Manual Technique Courses Don’t Matter As Much As You Think
Let’s say you need to hire a carpenter. As you shop around online and browse the different potential hires, you see one who advertises his set of 20 different drills and power saws he likes to use to get the job done.
Is this the feature that gives you confidence in hiring him to build your deck, though?
Then why, as therapists, do we so often assume we will become better practitioners simply by taking countless continuing education courses on manual techniques and adding additional treatment tools to our practice?
I see many fellow professionals jumping on the con-ed train straight out of the gates, often as soon as they are immediately out of school. IASTM, ART, IMS; everyone wants to add to their toolkit. With so many options on how to treat a client’s pain, we would undoubtedly be able to reap the rewards of client and financial success, right?
Here is the deep, dark, reality of it, however.
At the end of the day, these courses just teach you multiple different ways on how to touch people. My explanation when clients ask me about the benefits of different types of treatment techniques is this:
“They are simply different methods of achieving the exact same goal”.
Essentially, having three different techniques under your belt is like having a hammer, a mallet, and a nail gun to join the same planks together to build a fence. It makes little to no difference in the finished product.
When I entered the work field, my first initiative was to simply get my hands-on clients and work on refining my foundations. Regardless of how many different methods I had to “release” a client’s quadriceps muscle, none of them will help me one bit if I don’t know when and why to do so and have a long-term plan to follow up with it. Whether I use the ART technique that I pay annually to display on my cards or the traditional massage strokes that I learned in my undergrad, I am going to achieve the same outcome.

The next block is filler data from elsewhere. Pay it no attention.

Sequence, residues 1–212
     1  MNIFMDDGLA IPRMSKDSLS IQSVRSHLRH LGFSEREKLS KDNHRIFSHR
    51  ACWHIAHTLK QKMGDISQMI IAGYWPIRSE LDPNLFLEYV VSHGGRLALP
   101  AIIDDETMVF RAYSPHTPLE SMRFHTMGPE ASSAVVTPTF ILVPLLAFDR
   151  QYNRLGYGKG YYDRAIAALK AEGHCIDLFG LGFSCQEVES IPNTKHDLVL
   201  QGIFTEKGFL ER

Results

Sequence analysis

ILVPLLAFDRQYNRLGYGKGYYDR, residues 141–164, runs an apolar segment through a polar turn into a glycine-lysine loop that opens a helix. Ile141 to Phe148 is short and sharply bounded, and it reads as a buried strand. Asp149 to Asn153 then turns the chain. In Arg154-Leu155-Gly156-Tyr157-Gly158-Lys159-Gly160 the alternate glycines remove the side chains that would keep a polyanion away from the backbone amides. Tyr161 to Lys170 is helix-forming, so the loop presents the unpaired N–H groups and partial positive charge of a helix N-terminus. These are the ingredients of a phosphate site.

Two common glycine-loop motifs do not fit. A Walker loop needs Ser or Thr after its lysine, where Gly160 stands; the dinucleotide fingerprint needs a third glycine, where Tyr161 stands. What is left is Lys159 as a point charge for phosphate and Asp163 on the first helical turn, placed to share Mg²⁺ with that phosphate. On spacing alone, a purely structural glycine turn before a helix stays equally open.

What will be the difference-maker in your practice, then?
It will be if you can learn to use those techniques mindfully. It’s knowing where in the tissue to address instead of simply chasing pain. It’s creating an exercise plan coupled with proper education to put the onus of control into the client’s hands,
The only con-ed course I have taken to date, in fact, has been a joint-specific one on the TMJ. I didn’t feel the need to learn new techniques. I needed to understand anatomy and physiology better. Courses that help us refine our knowledge of how the body is structured and how it moves will be valuable. Even more valuable will be courses on truly understanding the mechanisms of pain, how to speak to our clients, how to properly educate them, and methods of moving them through stages of change as they recover.
“Soft skills” such as client communication and an ability to build a positive relationship with them are a much more valuable asset to a practitioner than manual techniques. We know from current research that a client’s predicted outcome improves based on how much they like their therapist, how much control they feel over their situation, and their belief in a treatment’s ability to get them better. The tool that you use to get these results isn’t made of metal, it’s made of trust.
In a professional climate where both clinicians and clients can find ourselves hung up on the latest, trending techniques to address pain, we often see a drop in quality of care because the clinician has forgotten to use those foundations. These types of practices, unfortunately, run the risk of poor client outcomes and treatment-reliance. While it’s ok to add a tool to our kit here and there, where appropriate, we owe it to our clients to constantly return to our basics (whether or not you want to incorporate con-ed techniques) and educate them on the real things that will help them find relief.
I don’t care how many different types of power saws the carpenter has. I care about if he knows how to properly measure and place the cut.